Normajeana's comment history

Normajeana said...

According to the Federal Government statistics (available from the Justice Department website), in 2010, Tennessee had 2,138 forcible rapes, of which 335 alleged rapists were arrested, or 16% of the violent individuals who committed rapes for which there were actual victims who went to the police, filed a report and waited for justice. Meanwhile, Tennessee made 2,387 arrests for prostitution- of individuals ("victims"???) who had not called the police or asked for help. Also- on September 15, 2010, the National Census of Domestic Violence Services reported that Tennessee had 1,002 cases of domestic violence on that date, where victims sought assistance from shelters and other services in your state. That doesn't mean that's all there were, it means that's the cases which were reported on that one particular day in Tennessee. The total number of domestic violence cases for Tennessee in 2010 were 85,070. Surely your scarce resources would be better spent pursuing and prosecuting actual violent criminals who rape others than in pursuing consenting adults who may be engaging in commercial sex? While there may be some who are coerced into prostitution, the majority of prostitutes are NOT victims of sex trafficking and do not need 'rescuing.' But those who have been victims of domestic violence and/or rape and have asked for help really do need those scarce resources allocated to assist them. Pursue and prosecute criminals where a victim has asked for help before you spend resources 'helping' those whom you presume are victims because you don't approve of the work they do. Allow those who are victims of sex trafficking to have access to the criminal justice system in the same way that domestic violence and rape victims do. You don't presume a woman is a victim of domestic violence just because she is married, or that she has been raped just because she has had sex with someone to whom she is not married...why do you presume a woman is a victim of sex trafficking just because she sells something she can otherwise give away to anyone she wants? As the old saying goes, "don't call us- we'll call you... when we need or want your help..."

October 20, 2011 at 2:01 p.m.
Normajeana said...

According to the Federal Government statistics (available from the Justice Department website), in 2010, Tennessee had 2,138 forcible rapes, of which 335 alleged rapists were arrested, or 16% of the violent individuals who committed rapes for which there were actual victims who went to the police, filed a report and waited for justice. Meanwhile, Tennessee made 2,387 arrests for prostitution- of individuals ("victims"???) who had not called the police or asked for help. Also- on September 15, 2010, the National Census of Domestic Violence Services reported that Tennessee had 1,002 cases of domestic violence on that date, where victims sought assistance from shelters and other services in your state. That doesn't mean that's all there were, it means that's the cases which were reported on that one particular day in Tennessee. Surely your scarce resources would be better spent pursuing and prosecuting actual violent criminals who rape others than in pursuing consenting adults who may be engaging in commercial sex? While there may be some who are coerced into prostitution, the majority of prostitutes are NOT victims of sex trafficking and do not need 'rescuing.' But those who have been victims of domestic violence and/or rape and have asked for help really do need those scarce resources allocated to assist them. Pursue and prosecute criminals where a victim has asked for help before you spend resources 'helping' those whom you presume are victims because you don't approve of the work they do. Allow those who are victims of sex trafficking to have access to the criminal justice system in the same way that domestic violence and rape victims do. You don't presume a woman is a victim of domestic violence just because she is married, or that she has been raped just because she has had sex with someone to whom she is not married...why do you presume a woman is a victim of sex trafficking just because she sells something she can otherwise give away to anyone she wants? As the old saying goes, "don't call us- we'll call you... when we need or want your help..."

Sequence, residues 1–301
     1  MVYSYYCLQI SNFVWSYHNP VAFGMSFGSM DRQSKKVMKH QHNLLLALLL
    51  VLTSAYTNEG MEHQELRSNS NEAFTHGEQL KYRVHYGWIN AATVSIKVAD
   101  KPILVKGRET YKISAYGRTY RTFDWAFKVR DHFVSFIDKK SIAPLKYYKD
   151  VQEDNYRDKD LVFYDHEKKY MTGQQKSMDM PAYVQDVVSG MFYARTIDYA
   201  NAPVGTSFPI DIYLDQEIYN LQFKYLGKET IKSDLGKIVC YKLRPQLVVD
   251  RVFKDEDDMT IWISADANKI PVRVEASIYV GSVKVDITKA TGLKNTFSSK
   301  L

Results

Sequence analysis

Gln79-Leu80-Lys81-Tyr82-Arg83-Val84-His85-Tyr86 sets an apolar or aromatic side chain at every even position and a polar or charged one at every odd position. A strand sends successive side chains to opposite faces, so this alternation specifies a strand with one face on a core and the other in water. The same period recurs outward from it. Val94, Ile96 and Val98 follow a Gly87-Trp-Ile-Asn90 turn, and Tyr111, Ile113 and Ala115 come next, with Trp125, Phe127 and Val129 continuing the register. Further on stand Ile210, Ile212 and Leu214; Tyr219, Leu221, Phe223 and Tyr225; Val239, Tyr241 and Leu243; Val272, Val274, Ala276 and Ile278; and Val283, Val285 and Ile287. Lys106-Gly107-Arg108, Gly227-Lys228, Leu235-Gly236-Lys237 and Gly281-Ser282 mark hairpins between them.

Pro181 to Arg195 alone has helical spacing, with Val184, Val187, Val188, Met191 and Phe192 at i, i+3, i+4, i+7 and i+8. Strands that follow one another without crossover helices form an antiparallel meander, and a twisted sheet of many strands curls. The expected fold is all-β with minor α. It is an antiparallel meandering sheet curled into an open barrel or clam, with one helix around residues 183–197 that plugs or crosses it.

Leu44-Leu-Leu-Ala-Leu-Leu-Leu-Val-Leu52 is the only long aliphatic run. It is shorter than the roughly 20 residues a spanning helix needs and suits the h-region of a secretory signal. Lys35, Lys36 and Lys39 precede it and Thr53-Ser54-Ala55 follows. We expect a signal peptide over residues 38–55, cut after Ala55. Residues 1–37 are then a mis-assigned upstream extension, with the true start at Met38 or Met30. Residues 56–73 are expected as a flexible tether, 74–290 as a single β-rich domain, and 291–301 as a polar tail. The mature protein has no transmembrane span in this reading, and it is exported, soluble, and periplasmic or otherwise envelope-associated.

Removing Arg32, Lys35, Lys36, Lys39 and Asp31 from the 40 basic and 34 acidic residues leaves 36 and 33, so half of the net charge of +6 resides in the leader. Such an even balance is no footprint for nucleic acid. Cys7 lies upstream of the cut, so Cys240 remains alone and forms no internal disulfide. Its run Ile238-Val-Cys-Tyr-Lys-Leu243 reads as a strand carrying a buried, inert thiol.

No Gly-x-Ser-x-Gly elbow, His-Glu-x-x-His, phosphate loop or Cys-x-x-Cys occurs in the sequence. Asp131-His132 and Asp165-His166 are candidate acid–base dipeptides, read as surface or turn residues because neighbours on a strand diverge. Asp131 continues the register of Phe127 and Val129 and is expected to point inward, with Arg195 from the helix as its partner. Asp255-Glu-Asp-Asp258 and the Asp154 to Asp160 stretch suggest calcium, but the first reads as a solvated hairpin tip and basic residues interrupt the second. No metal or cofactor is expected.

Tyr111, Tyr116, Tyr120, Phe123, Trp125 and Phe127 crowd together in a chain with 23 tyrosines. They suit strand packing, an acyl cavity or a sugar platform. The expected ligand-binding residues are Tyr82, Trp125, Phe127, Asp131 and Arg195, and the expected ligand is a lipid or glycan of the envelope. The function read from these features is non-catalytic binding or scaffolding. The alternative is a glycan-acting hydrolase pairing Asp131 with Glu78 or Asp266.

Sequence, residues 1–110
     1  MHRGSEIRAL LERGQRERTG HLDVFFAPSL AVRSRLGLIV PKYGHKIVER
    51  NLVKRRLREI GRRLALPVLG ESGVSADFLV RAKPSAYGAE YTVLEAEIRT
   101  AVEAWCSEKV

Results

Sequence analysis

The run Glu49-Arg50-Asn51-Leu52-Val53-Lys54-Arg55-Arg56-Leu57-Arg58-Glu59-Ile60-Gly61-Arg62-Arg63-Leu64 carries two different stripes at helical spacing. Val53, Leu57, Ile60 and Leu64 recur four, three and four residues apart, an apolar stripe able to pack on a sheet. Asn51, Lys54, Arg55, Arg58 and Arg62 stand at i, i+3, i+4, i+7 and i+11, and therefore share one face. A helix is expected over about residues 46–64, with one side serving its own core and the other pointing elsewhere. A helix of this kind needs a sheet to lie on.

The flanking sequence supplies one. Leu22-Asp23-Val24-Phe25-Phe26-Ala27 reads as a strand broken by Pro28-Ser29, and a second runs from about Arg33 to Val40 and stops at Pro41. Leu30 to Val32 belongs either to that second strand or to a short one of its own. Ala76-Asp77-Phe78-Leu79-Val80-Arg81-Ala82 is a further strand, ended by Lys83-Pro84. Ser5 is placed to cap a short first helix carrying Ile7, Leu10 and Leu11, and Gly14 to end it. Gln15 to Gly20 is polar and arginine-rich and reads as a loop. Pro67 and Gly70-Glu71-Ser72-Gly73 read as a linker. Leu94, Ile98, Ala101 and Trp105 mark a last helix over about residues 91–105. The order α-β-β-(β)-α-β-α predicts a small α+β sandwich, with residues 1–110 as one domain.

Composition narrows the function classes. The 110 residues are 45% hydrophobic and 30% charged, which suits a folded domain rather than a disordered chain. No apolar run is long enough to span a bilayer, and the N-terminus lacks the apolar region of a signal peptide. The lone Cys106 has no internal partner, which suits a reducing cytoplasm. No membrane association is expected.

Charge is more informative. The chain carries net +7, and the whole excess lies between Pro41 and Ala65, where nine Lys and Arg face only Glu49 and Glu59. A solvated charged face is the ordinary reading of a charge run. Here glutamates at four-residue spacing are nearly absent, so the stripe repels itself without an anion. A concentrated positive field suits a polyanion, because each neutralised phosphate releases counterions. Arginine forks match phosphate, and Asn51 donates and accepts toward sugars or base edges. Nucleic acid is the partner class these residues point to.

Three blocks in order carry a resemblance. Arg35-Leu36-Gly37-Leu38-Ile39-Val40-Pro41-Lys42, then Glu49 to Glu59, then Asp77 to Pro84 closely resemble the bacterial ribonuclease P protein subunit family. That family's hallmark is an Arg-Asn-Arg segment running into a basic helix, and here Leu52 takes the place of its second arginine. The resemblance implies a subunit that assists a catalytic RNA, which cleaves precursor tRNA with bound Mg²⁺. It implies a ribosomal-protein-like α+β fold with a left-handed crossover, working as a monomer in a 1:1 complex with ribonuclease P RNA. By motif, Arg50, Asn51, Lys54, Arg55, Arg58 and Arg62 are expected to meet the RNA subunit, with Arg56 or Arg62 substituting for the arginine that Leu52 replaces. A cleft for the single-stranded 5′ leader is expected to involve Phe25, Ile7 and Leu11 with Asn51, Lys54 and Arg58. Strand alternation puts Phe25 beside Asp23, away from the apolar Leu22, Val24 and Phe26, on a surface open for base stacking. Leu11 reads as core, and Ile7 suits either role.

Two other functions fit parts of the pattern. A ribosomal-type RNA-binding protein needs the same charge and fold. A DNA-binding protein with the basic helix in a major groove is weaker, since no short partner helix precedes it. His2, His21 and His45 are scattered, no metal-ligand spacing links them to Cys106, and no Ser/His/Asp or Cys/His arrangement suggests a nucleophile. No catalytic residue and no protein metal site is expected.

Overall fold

October 20, 2011 at 11:35 a.m.
advertisement

Find a Business

400 East 11th St., Chattanooga, TN 37403
General Information (423) 756-6900
Copyright, Permissions, Terms & Conditions, Privacy Policy, Ethics policy - Copyright ©2014, Chattanooga Publishing Company, Inc. All rights reserved.
This document may not be reprinted without the express written permission of Chattanooga Publishing Company, Inc.